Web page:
Later it was known that Hinckley had a “delusional obsession” and wanted to “impress” child actress Jodie Foster by killing the President although he had no personal enmity. During the post-incident enquiry (March 31 to May 1, 1981) the Secret Service said that Hinckley’s prior crime record was not known to them, and they did not know why the DC police could not see Hinckley crouching and firing through the crowd.
The enquiry report which runs into 398 pages should have been read by all security agencies. That did not happen. On 4 November, 1995 a young Israeli ultra-nationalist Yigal Amir shot and killed Prime Minister Yitzhak Rabin of Israel under similar circumstances.
Rabin, the hero of the 1967 Arab- Israel war, had signed the famous “Oslo Peace Accord II” with Palestinian leader Yasser Arafat on September 28, 1995. This was at the White House, witnessed by President Bill Clinton and representatives of Russia, Egypt, Jordan, Norway, and the European Union in Washington DC. This was not appreciated by the Israeli ultra-right as it was considered a sell out by a war hero.
Rabin had addressed, in the evening, a vast gathering of about 100,000 people at the Central Plaza in Tel Aviv, now renamed Rabin Square. As described by The Guardian (UK), the emotional climax came when veteran folk singer Miri Aloni performed her signature anthem, Shir LaShalom (A Song For Peace) in which Rabin also joined. His parting message to the crowd was “Let’s not just sing about peace – let’s make peace”. After that, as he stepped down and walked towards his car, he was shot by Yigal Amir who was lurking in the shadows.
On March 29, 1996, a three-member commission blamed Shin Bet’s chief Karmi Gillon for the agency’s failure in ignoring intelligence warnings on the possibility of Rabin’s assassination. It said that the agency failed in “adjusting its protection methods to the new risk to cope with the worsening threat and did not ensure that its VIP bodyguards properly understood the severity of the threat”.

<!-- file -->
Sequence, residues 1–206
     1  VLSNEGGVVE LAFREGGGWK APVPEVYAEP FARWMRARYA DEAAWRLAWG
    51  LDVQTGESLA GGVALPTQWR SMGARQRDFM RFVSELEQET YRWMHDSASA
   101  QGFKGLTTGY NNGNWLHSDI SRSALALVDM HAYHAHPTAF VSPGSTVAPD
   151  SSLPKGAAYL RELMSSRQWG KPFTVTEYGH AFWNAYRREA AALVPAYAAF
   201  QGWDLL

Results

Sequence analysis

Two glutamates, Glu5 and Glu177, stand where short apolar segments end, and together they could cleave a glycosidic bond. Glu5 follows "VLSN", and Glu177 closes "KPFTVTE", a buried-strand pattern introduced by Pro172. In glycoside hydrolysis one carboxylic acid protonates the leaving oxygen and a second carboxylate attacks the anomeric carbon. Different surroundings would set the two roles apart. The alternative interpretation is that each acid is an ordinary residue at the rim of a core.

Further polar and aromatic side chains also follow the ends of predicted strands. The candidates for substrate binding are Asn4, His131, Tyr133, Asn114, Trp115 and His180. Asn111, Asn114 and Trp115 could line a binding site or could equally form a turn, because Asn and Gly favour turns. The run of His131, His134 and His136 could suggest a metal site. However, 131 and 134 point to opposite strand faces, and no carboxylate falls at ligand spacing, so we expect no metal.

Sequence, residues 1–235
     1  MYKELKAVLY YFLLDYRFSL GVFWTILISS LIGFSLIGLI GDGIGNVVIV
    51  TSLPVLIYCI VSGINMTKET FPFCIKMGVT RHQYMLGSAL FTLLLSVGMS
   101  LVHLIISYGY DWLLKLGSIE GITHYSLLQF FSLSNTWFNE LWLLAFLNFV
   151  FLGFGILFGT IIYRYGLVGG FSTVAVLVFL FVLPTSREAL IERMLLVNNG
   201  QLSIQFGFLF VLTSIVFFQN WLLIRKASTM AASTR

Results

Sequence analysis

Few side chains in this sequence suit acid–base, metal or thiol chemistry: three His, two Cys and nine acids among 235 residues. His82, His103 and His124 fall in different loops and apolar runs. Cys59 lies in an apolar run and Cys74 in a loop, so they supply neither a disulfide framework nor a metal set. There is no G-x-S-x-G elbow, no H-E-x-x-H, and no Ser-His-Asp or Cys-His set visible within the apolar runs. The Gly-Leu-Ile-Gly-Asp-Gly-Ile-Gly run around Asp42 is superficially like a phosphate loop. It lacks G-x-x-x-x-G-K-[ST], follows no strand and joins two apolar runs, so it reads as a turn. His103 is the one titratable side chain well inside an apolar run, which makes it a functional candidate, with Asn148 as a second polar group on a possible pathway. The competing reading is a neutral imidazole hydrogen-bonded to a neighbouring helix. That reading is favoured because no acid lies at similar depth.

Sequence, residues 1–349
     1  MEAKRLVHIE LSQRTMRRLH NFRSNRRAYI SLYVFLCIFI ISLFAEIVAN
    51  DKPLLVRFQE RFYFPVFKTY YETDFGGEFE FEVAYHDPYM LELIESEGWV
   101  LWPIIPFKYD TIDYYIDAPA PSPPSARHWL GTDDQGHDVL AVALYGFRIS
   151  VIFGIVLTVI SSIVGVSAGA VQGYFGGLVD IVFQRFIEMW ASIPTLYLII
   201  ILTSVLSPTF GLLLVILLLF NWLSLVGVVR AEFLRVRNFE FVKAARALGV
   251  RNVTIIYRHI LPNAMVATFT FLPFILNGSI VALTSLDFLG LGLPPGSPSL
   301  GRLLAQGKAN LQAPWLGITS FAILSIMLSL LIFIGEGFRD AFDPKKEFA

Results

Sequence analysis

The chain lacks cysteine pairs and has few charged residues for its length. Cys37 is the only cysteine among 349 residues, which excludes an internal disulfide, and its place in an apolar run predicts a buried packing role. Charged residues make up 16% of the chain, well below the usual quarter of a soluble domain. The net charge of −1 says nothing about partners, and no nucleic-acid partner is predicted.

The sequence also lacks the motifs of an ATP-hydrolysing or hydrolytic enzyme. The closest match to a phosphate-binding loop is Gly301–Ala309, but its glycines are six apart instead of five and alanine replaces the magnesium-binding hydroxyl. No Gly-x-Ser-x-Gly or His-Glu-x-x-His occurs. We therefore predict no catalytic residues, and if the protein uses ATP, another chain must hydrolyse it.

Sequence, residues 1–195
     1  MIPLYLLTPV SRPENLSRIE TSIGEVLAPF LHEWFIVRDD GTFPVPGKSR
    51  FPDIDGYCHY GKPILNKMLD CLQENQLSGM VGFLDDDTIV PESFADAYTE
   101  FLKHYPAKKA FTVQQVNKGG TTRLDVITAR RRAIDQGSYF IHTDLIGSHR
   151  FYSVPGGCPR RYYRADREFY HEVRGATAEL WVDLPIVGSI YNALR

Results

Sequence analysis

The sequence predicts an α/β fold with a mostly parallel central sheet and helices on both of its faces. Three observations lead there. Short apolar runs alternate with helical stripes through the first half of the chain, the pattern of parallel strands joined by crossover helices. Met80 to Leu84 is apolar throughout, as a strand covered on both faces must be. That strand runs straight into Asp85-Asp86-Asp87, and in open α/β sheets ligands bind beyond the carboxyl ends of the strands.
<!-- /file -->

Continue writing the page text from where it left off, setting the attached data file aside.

Also, they made an incorrect assumption that no Jew would kill an Israeli PM. An amateur video later emerged showing Yigal Amir waiting in the parking lot unchecked by the security. He was filmed walking behind the Prime Minister, who was flanked by bodyguards, and shooting him in the back.
On July 8, BBC showed a clear photograph of assassin Tetsuya Yamagami standing behind Shinzo Abe. This was taken moments before the incident. Abe was seen bending forward, holding a hand mike and no one was looking at Yamagami. As in the case of Reagan and Rabin, Abe’s security detail paid no attention to the surroundings. That is why the teachings of my DD(S) from the Indian Intelligence Bureau 55 years ago still hold and are still important.
(The writer is a former Special Secretary, Cabinet Secretariat. Views are personal. Syndicate: The Billion Press)
(This article was first published in National Herald on Sunday.)